Notes from the Editor- in- Chief: Venous Thrombo-Embolism (VTE): Time to Act (Preface )

Abdallah A. Abbadi


It has long been recognized in the industrial countries that VTE is a major health issue which needs to be dealt with in order to save lives and reduce complications. Several guidelines and policies have been adopted by most of the large health care institutions concerning the prophylaxis of VTE in these countries.

The issue is alarming, since VTE kills more people than cancer, car accidents and HIV put together. Given the fact that so much money has been spent on these conditions, little has been done to increase awareness of VTE. The time has come to put VTE as a number one health care priority in a hospital setting. This problem is likely to reach epidemic proportions with the aging population if no strong action is taken.

Doctors and patients have to be aware of the risk factors of VTE. There are several models of risk factor calculations which can be applied to each individual patient, and accordingly; the patient is advised concerning prophylaxis.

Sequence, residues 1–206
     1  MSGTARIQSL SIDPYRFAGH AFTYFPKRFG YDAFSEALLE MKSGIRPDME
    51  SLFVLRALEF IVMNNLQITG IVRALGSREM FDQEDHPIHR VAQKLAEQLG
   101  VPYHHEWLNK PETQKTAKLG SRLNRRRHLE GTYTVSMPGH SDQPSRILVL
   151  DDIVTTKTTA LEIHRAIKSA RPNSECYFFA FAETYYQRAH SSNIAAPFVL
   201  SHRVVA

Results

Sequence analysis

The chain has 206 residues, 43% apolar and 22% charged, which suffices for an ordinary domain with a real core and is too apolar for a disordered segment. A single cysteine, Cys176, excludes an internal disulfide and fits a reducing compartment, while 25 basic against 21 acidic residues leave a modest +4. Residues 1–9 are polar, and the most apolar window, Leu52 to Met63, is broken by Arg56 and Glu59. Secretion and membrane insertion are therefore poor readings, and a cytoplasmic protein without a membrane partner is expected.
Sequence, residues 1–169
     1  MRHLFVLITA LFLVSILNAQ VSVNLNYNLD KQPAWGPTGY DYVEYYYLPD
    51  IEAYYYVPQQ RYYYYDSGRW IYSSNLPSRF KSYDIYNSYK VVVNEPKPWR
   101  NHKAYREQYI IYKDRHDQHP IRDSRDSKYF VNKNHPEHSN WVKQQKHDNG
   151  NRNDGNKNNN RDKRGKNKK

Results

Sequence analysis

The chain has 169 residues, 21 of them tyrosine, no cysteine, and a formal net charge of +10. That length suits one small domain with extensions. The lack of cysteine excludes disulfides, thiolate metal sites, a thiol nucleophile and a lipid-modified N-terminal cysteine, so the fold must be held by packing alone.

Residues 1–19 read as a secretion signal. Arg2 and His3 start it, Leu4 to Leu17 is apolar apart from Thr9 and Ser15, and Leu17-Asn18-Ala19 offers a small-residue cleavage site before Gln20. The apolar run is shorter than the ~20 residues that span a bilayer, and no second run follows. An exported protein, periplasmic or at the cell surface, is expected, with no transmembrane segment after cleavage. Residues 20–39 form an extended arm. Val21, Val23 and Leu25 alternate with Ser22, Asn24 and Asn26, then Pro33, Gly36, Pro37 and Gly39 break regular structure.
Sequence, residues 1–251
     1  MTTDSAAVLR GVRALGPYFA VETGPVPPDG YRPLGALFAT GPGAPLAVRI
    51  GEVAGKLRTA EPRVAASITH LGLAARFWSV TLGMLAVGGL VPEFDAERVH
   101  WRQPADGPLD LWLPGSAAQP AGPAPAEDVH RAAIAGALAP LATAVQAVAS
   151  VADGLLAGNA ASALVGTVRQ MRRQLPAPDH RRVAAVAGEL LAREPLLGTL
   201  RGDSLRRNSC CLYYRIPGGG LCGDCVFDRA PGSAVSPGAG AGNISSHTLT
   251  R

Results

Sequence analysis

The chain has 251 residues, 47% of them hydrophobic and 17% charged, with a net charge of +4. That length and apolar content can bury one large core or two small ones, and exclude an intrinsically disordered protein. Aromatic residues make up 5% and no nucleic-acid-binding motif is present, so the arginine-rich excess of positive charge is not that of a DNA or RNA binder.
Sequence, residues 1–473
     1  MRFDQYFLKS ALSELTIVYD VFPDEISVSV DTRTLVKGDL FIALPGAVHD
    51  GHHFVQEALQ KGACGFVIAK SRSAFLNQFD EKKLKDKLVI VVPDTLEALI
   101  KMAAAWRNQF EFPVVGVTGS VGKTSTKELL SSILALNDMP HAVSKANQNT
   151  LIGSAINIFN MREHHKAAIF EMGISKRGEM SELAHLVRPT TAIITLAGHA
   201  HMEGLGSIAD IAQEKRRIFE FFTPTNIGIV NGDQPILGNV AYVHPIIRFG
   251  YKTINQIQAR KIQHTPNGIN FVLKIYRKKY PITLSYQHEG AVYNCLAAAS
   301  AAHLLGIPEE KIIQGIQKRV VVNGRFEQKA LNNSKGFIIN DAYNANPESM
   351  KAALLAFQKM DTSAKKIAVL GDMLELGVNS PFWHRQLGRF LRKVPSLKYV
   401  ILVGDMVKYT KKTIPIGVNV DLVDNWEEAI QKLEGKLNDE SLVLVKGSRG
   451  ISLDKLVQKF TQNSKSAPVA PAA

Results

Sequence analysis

I recently conducted a survey of VTE risk factors at Jordan University Hospital (JUH) in which 630 patients who were admitted to hospital were stratified for risk factors according to the model of Caprini. It was found that more than two thirds of patients were either at a high risk or at a very high risk of developing VTE. What was more surprising is that only 29% of these patients actually received low molecular weight heparin prophylaxis.

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